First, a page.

The brains of healthy adults recovered faster from a mild vascular challenge and performed better on complex tests if they consumed cocoa flavanols beforehand, researchers have reported in the Journal Scientific Reports.

Improvements in brain functioning were seen in 14 of 18 participants after consuming the flavanols during the research.

While previous studies have shown that eating flavanols rich foods benefit vascular function, but this is the first to find a positive effect on brain vascular function and cognitive performance in young healthy adults.

“Flavanols are small molecules found in many fruits, vegetables and cocoa, which give them their bright colours and are known to benefit vascular function,” a report quoted Catarina Rendeiro, a researcher and lecturer in nutritional sciences at the University of Birmingham who led the research with the University of Illinois.

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“We wanted to know whether flavanols also benefit the brain vasculature and whether that could have a positive impact on cognitive function,” Rendeiro said.

The team studied 18 participants before their intake of cocoa flavanols in two separate groups.

While one group consumed flavanol-rich cocoa and the other was given processed cocoa with very low levels of flavanols.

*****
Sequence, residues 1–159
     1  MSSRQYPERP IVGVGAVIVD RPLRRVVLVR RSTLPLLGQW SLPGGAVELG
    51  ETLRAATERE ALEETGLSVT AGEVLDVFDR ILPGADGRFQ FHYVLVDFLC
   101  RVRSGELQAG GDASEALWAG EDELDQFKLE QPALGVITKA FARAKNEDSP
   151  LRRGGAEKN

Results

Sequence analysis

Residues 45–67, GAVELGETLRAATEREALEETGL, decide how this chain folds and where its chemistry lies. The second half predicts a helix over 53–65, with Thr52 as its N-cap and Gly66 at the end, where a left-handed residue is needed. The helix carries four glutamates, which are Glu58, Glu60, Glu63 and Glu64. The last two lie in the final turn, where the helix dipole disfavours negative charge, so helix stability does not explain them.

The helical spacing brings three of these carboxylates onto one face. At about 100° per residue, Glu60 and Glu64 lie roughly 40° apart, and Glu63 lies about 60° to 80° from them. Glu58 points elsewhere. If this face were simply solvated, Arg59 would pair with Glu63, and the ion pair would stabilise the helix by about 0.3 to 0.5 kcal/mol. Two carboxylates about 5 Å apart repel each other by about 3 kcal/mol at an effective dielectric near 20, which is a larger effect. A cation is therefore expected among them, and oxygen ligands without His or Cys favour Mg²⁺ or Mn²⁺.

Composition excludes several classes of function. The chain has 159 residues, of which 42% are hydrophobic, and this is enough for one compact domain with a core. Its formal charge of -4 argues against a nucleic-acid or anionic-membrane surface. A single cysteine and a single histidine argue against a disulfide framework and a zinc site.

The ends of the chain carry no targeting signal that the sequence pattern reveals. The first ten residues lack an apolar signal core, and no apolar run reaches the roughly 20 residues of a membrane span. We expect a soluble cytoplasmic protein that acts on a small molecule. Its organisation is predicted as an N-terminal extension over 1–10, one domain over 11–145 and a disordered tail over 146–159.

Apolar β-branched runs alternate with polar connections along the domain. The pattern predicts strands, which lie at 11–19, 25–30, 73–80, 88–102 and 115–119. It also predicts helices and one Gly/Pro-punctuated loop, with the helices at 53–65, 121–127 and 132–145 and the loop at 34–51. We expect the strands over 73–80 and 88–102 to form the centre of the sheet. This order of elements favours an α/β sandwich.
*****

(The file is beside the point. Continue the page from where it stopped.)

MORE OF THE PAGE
Neither the participants nor researchers knew which type of cocoa was consumed by each participant.

Two hours after consuming the cocoa, participants breathed air with 5 per cent carbon dioxide, which is about 100 times the normal concentration in air.

The body typically reacts to this by increasing the flow of oxygen rich blood to the brain, thereby eliminating more carbon dioxide, revealed the researchers.

The team measured oxygenation in the frontal cortex of the brain using functional near-infrared spectroscopy, a technique that uses light to capture changes in blood flow to the brain.

Researchers also challenged participants with complex tasks that required them to manage contradictory or competing demands.

“The levels of maximal oxygenation were more than three times higher in the high-flavanol cocoa consuming group than the low-flavanol cocoa one, and the oxygenation response was about one minute faster,” Rendeiro said.

After ingesting the cocoa flavanols, participants also performed better on the most challenging cognitive tests, correctly solving problems 11 per cent faster than they did at baseline or when they consumed cocoa with reduced flavanols.

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